Grownups’ Role As Teachers of Stewardship 

For our youngest nature explorers, their role in stewardship comes quite naturally! Environmental education expert David Sobel teaches that, for kids, the first step is to fall in love and form a deep connection to the natural world, largely through playful, direct exploration. Sobel urges us to remember that strong stewardship grows when we let that love for the planet form before we ask kids to save it. 

Grownups play the critical role of giving the time, access and modeling kids need to nurture that love. And research has unlocked easy, actionable ways to do this. One study examined the lives of the most famous conservationists of all time. The analysis revealed shared patterns in their childhoods. They all: 

  • Spent considerable time interacting with nature

  • Had an attachment to a familiar, natural place

  • Benefitted from the modeling and influence of a family member

We can be that influential family member and provide our kids the same opportunities. We can also work to ensure that kids’ attachment to natural places includes caring for the land directly. Over time, we and kids can also come to understand that doing things to learn about and to increase the visibility, restoration and inclusion of Indigenous stewardship is caring for the land, too.

Including Indigenous Stewardship and People in our Work

Below are some examples of ways to nurture a love for the earth, plant seeds of stewardship and make direct connections to the original stewards of the places you care for and explore. 

Some of these steps take prior planning and research. Older children can help and learn alongside you, and younger explorers will likely benefit the most if you research independently and share what you’ve learned in easy-to-understand, age-appropriate ways that work for your family. 

Set aside and invest time in this research. You may not easily find information at first, but keep digging—this is when we are making the metaphorical mud, and it will be well worth the effort!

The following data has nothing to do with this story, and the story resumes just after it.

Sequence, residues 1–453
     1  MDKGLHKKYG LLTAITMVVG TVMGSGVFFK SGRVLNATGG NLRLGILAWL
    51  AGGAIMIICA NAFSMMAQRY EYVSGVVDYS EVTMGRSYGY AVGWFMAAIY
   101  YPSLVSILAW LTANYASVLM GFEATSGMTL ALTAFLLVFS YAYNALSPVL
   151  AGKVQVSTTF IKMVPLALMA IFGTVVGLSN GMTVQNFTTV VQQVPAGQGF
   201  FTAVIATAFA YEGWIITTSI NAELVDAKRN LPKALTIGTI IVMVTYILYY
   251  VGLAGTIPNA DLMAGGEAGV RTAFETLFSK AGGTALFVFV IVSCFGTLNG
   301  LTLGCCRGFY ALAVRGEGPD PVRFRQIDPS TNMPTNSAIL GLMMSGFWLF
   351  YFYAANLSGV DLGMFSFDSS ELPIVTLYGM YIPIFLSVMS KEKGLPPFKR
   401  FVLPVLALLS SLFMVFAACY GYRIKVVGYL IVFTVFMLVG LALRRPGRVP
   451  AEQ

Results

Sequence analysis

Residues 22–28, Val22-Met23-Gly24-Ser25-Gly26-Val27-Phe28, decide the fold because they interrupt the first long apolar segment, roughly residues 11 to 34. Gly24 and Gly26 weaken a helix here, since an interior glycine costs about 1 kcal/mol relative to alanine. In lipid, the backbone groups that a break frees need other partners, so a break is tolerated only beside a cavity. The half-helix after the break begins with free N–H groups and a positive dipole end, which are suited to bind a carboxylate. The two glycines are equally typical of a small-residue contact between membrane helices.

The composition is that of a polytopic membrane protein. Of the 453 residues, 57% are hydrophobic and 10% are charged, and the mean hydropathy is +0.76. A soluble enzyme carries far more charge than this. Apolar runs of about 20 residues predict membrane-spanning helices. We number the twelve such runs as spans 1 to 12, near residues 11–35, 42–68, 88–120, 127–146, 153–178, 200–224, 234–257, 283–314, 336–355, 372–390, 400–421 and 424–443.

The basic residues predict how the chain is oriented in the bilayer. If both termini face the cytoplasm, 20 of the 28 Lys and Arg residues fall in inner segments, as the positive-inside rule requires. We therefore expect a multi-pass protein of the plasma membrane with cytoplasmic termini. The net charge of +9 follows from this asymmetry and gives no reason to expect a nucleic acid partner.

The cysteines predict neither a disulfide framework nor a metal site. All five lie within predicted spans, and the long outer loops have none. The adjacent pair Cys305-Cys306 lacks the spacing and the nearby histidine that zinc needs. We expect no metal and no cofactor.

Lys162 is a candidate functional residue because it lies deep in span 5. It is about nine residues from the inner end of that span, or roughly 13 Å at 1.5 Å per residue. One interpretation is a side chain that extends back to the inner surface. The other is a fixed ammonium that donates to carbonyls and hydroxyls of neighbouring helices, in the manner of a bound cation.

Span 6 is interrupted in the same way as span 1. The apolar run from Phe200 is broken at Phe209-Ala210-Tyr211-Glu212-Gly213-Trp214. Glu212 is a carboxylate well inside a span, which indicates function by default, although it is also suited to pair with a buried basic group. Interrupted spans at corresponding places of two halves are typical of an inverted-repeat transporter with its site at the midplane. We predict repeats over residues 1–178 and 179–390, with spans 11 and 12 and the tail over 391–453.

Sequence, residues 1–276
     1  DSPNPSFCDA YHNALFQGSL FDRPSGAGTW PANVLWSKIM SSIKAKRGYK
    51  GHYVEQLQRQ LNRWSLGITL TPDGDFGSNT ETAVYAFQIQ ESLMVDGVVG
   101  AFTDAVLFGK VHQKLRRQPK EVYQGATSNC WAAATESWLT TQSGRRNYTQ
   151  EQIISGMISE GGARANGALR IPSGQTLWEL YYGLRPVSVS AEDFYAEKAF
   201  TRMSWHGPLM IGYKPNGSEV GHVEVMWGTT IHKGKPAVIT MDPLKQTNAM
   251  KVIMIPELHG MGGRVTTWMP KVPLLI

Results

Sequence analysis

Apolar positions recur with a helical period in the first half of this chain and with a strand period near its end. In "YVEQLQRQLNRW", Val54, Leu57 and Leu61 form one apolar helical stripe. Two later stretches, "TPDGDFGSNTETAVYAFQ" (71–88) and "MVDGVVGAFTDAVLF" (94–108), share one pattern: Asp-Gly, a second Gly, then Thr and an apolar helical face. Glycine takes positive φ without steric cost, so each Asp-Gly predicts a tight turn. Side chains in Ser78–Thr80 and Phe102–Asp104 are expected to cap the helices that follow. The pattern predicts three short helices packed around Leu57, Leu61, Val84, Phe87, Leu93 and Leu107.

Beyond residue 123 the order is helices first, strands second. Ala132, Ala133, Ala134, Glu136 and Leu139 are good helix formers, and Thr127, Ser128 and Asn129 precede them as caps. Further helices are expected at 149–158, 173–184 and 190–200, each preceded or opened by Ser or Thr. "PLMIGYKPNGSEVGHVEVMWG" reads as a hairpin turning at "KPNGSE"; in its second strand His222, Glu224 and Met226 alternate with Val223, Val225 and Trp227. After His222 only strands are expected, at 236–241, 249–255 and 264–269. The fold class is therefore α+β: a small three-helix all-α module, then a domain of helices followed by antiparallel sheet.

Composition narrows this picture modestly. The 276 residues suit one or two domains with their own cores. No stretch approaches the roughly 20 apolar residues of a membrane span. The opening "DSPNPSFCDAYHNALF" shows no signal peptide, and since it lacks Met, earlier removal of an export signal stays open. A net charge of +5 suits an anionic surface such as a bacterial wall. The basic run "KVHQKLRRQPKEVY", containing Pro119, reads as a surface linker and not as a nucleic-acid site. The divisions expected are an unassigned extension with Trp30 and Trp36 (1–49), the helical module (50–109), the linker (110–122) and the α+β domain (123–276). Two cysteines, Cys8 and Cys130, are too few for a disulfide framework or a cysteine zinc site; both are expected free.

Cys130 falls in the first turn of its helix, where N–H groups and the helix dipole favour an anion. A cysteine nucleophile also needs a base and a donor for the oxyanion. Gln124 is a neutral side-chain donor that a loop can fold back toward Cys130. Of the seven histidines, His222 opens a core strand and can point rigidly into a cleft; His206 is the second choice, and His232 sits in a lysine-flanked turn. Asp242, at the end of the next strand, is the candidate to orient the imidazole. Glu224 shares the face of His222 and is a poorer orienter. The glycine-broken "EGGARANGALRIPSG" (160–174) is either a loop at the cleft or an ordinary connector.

Learn about which Native peoples are the first stewards in your area.

  • Visit Native Land Digital and search for your ZIP code to learn the names of the Native people that live, or have lived, in your area. Tribes that were removed and relocated hold deep ties to the land and are still reflected and important to include in this learning.

    Example: The Tonkawa tribe is from the land where I live just outside of Austin, TX. View the traditional Tonkawa territory map here.
  • Where are they today? If you aren’t already familiar, research where those people(s) are today. Some tribes may no longer be with us, but many are thriving, vibrant cultures! Look for websites, books, social media, podcasts and YouTube channels to prioritize first-hand accounts and Native-made resources.

    Example: Googling “Tonkawa Tribe” helped me find this official website and Facebook page run by the tribe. I learned the Tonkawa name for themselves is “Tickanwa-tic, meaning: ‘real people’. They were removed from Texas in 1884 and forced to relocate to Oklahoma, where the tribal leadership remains today.

  • Learn what plants, species and geography in your area have significance or connections to the Indigenous People: Some knowledge or practices are protected and belong just to the Native people—this is also known as a “closed practice” and that is important to honor, but there is still much that can be learned! Native peoples’ ancestral knowledge is often woven into local, natural remedies and stories that may already be familiar to you.

    Example: I learned about the Tonkawa tribe’s creation story involving La Tortuga mountain in Texas from Tonkawa Elder Don Patterson in this YouTube video. My kids and I also learned and love to share with families that the beautyberry plants that grow in our Tinkergarten outdoor classroom have ties to Tonkawa traditions. Beautyberry has healing, medicinal properties used to treat stomach aches. Indigenous wisdom also teaches us that you can crush the leaves and rub them on your skin as a natural insect repellent.

  • What stewardship practices are still present? Are there efforts to revitalize caretaking of the land and ancestral knowledge for the Native people? How might this impact the greenspaces you enjoy?

    Example: I found a newsletter from last year that shared about a Tonkawa prairie restoration project that includes reintroducing buffalo to the land and learned about the Tonkawa Tribal Environmental Regulatory Project that supports tribal sovereignty to protect the environment and tribal land.

  • Support the work: Consider donating to the ongoing, non-profit, Native-led research behind Native Land Digital.

Share what you learn!